• Much more useful documentation and introduction.
    • Badass REPL
      • For anyone who thinks ghci is good (it is), Idris’s repl is going to feel like you went from a Ford to a Cadilac. It even has fancypants syntax highlighting (on output) built-in!
    • Built-in syntax extensions
      • This is Idris’s way of providing something like arbitrary fixity. You define the function as a regular function, but can then add your own sugar syntax for it. Super cool!
    • Opt-in Laziness
      • Haskell and Agda are both opt-in for strict evaluation. Idris went the other direction which lets you prefer predictability of performance and opt-in to laziness when you need/want it.
    • General Programming is a(n almost?) first-class citizen
      • Where Agda seems rather clearly focused on being a playground for cool, new, dependently-typed things and theorem-proving is the obvious goal of the language, Idris feels a lot more practical for typical usage.

    Idris Cons:

    • Weirdness with inferred types.
      • I’ve brought this up on their bug-tracker before, but the Idris repl does not always infer the most general type. For example: :t 7 returns: 7 : Integer, whereas in ghci, you would get 7 :: Num a => a. This does not affect the language in-practice (you can still use 7 and have it function for Double), but since the language correctly handles those cases, it seems like this is something that should be fixed for consistency.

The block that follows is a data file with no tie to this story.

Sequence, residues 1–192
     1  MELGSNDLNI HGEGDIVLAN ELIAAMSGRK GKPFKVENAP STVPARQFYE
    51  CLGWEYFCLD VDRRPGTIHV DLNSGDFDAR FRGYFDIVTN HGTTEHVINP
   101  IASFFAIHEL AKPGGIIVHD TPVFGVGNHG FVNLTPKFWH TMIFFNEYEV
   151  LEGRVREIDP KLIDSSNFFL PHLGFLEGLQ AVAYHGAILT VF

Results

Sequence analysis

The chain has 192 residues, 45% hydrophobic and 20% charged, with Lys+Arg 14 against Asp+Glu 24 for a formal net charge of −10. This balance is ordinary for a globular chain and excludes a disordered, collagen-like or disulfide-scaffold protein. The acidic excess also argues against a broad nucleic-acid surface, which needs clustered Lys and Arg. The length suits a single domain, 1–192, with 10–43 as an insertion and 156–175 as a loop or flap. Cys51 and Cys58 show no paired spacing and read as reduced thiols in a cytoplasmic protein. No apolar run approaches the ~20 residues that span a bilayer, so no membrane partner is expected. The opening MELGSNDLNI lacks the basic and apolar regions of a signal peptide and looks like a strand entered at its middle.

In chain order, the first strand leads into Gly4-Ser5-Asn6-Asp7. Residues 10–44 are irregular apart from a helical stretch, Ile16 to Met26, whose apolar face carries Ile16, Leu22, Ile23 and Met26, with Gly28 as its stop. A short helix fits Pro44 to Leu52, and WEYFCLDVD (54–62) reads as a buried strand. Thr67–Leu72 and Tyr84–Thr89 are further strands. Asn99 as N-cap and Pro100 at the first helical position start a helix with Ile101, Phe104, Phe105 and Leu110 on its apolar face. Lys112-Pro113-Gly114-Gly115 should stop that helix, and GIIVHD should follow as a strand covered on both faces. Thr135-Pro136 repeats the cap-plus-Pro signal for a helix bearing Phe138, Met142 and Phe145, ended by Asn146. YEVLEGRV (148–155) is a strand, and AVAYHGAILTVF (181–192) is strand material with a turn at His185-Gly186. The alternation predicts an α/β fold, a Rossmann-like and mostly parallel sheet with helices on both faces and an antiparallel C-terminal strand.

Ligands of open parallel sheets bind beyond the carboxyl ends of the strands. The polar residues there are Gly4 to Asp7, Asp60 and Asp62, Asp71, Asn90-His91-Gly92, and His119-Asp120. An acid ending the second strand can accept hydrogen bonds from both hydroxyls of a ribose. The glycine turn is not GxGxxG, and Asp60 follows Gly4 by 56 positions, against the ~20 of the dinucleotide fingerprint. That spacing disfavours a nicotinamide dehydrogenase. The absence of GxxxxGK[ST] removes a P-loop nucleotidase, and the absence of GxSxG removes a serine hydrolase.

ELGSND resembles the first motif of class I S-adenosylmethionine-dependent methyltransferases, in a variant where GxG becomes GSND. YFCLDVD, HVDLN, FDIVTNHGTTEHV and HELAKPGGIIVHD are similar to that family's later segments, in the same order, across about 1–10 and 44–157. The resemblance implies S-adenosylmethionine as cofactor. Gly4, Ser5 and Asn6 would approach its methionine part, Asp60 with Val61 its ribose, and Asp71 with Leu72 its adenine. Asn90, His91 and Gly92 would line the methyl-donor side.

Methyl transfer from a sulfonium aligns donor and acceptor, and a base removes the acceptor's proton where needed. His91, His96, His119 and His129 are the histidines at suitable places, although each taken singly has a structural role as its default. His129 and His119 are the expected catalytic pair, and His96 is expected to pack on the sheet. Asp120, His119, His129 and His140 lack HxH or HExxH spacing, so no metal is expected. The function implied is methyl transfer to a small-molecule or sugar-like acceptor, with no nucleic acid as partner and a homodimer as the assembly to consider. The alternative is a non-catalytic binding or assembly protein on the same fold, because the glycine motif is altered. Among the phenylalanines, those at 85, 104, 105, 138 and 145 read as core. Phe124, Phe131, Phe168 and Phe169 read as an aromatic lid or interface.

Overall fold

• Opt-in Totality
      • I really like that Agda forces you to be total by-default. If you really want to escape its awesome compile-time safety guarantees, you can explicitly jump out of it. I hope more languages move in this direction. Idris allows you to enforce totality, but I wish it were the default.
    • No mixfix or arbitrary-unicode
      • I love that Agda gives you so much freedom with the syntax of the language; Idris’s being closer to Haskell has clear benefits, but these two features are something I have wanted in Haskell for a long time (namely, I really dislike that there is a difference between operators and functions at all, and I love that Agda virtually removed that distinction).

    Okay, that’s most of what I have to say about both languages (sorry for such a giant post, but I like to be thorough).

    Either way, I really like both projects and it’ll be exciting to see how Idris matures as it hits 1.0!

    1. 19

      This is a great post, the sort of thing that keeps lobste.rs in my daily rotation. Thanks.

      1. 9

        All of these things add up and make me prefer Agda to Idris for writing proofs - and not by a little bit. Agda code usually ends up being really nice.

        But Edwin’s research has been in making executables from dependent types. Historically this has been tricky because:

        • Proofs got carried around at runtime
        • Data types such as Nats were represented as linked-lists

        Idris was a pretty important step to being able to actually run verified programs. Agda is not great at being extracted to somewhat efficient code. I think this is by far the greatest thing Idris gives.

        1. 2

          Thanks. Excellent synopsis.